However, while the US trip of President Bongbong Marcos may be described as fruitful in the aspects of national defense and business, and in solidifying further our ties with a faithful ally/friend, it is sad that he missed proving his seriousness and steadfastness in addressing the nation’s agricultural crisis — to solve our food shortage problem and debilitating inflation because such concerns (constraining as they are) were left out in his agenda, apparently.
“Action expresses priorities.” – Mahatma Gandhi
Certain vital issues of great national interest were sorely omitted in that five-day official state visit. A highly industrialized and science/technology-based economy, America can well contribute and assist the Philippine government in enhancing the Filipino grasp/expertise in producing and in modernizing our equipment/capability to manufacture/produce well and big time so that our country can be competitive in the world market. Exportation, not importation is the answer and key.
This is by far more important than modernizing the Armed Forces of the Philippines and improving our chances of “winning” (or fighting) in a war in case of war. First things first.
Meanwhile, talking about war, it is idiotic for anybody to even broach the idea of reviving the ROTC (Reserve Officers’ Training Corps) for our youths/students — for war purposes. ROTC may look good and desirable, but only to people/officials that have a war mentality.
What our students need is neither the preposterous ROTC nor the deleterious K-12 program (otherwise known as the Enhanced Basic Education Act), but the heart and help of our government to get them employed shortly after they graduate from college or high school for those who couldn’t afford to enter college. Education can only be as good and beneficial as it feeds the educated and provides him a decent living condition.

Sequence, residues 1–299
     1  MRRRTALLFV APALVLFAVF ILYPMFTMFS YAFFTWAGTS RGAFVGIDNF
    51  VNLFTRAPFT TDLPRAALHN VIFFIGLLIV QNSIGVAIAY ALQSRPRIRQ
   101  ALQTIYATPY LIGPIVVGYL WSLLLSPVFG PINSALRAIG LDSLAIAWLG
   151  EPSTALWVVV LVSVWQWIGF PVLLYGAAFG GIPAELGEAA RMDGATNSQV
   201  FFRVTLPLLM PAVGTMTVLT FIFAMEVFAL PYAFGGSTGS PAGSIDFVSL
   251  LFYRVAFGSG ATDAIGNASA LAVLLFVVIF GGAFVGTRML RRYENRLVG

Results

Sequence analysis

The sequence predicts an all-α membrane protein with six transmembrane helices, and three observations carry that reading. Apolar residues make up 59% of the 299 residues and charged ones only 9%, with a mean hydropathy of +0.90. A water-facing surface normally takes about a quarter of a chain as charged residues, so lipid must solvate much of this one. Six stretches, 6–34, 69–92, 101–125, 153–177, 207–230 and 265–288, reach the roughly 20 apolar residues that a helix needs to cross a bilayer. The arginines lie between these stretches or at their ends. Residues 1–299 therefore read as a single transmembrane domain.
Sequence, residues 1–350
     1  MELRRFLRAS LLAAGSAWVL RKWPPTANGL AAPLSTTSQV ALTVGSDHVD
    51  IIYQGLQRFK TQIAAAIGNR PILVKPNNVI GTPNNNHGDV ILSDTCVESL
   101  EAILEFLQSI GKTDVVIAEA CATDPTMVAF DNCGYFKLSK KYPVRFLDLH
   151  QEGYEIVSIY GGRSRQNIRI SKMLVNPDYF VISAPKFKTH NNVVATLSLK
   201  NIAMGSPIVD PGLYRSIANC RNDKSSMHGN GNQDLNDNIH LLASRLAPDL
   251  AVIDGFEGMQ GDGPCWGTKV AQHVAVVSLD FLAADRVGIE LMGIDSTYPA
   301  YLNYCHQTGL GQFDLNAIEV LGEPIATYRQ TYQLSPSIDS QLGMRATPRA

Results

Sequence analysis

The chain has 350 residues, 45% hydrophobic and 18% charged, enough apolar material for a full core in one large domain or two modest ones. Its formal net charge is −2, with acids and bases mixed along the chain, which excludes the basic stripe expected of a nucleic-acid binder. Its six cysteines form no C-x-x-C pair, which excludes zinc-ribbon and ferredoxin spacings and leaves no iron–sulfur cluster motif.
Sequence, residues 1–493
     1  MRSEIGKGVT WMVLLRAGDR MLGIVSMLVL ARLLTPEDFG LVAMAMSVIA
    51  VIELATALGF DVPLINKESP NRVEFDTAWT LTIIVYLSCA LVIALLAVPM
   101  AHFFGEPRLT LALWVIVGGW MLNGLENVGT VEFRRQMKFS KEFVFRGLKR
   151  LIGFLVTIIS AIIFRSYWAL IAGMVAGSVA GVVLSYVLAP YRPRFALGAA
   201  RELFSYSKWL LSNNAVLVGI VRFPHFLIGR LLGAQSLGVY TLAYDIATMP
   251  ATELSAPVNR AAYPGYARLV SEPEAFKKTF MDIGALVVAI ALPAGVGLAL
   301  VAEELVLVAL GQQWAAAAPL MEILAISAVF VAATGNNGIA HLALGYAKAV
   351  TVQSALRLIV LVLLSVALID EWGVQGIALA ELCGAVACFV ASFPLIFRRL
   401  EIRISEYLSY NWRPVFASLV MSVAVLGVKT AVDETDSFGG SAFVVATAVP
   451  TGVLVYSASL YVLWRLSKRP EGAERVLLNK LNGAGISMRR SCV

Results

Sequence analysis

Having stated the foregoing facts/realities, the present administration is not out of track or, should I say, not as out of track as the Department of Education which is (incidentally and poorly) headed by Vice President Sara Duterte, no less. Progress is not all about investment or foreign investments. It is more about molding and developing ourselves to become self-reliant someday as a people and nation. And we start it with our youth — through good education.
Unlike most political leaders, progress is not shortsighted (and election-related). The Israelites entered the Promised Land but without Moses, though it was Moses who led them in the journey as he received and envisioned the promise way ahead of time (Genesis 12:1-9, 26:3, 28:13-14).
Had they listened to the critics of K-12 (yours truly included) prior to both Houses of Congress approving it 10 years ago and before it was signed into law by then President Noynoy Aquino on 15 May 2013, the Filipino students should have not suffered and should not be suffering continually to this day, struggling hard and “helplessly” to reach their common dream of a good life for their families and a bright future for themselves — courtesy of government folly.
For all intents and purposes, K-12 is just a waste of time, energy and money for the students, and a deterrent to their personal progress, plain and simple.
Time to care for our youth. Reform the educational system. Dissolve K-12. Forget ROTC. Hunt crooks. Reward teachers with higher salaries and give them laptops. And so mold right the future of the motherland — and hasten progress for all Filipinos.
Finally: Dear Beijing, the best way to win in a war is never to begin it. Greedy, covetous nations and people have yet to win in war, ultimately. World history proves this to be a timeless, priceless lesson to learn for any country. Realize, sirs, that encroaching upon a Philippine maritime territory is equal to starting a war. And that is exactly what you have been doing. God forbid! Only devils want people dead and nations destroyed, crushed and pulverized. (John 10:10)
Making war with the Philippines (like Israel) is making war with the world (and God Almighty).